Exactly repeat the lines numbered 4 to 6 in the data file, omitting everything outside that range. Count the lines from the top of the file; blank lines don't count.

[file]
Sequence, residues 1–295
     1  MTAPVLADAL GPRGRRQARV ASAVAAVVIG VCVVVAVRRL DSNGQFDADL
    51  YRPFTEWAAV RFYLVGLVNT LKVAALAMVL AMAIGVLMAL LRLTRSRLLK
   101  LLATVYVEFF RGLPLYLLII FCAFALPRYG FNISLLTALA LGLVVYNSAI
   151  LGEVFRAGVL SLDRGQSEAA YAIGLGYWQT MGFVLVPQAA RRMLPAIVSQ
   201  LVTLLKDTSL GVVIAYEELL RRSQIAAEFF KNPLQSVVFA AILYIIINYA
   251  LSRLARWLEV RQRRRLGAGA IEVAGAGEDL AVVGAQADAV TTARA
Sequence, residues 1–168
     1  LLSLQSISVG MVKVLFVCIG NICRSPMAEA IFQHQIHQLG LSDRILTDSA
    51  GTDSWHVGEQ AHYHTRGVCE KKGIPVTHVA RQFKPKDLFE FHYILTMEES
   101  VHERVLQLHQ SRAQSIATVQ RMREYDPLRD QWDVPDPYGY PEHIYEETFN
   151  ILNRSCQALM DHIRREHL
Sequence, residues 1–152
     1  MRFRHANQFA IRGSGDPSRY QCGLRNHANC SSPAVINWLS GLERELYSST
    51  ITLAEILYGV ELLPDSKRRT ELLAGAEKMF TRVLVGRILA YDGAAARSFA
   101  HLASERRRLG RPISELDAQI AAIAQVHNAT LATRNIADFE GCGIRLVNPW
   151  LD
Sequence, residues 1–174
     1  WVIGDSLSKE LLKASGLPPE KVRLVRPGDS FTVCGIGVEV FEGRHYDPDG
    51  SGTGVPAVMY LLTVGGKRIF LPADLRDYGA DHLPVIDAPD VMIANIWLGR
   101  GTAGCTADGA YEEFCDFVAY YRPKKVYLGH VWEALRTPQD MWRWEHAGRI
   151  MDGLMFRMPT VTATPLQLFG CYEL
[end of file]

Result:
   101  LLATVYVEFF RGLPLYLLII FCAFALPRYG FNISLLTALA LGLVVYNSAI
   151  LGEVFRAGVL SLDRGQSEAA YAIGLGYWQT MGFVLVPQAA RRMLPAIVSQ
   201  LVTLLKDTSL GVVIAYEELL RRSQIAAEFF KNPLQSVVFA AILYIIINYA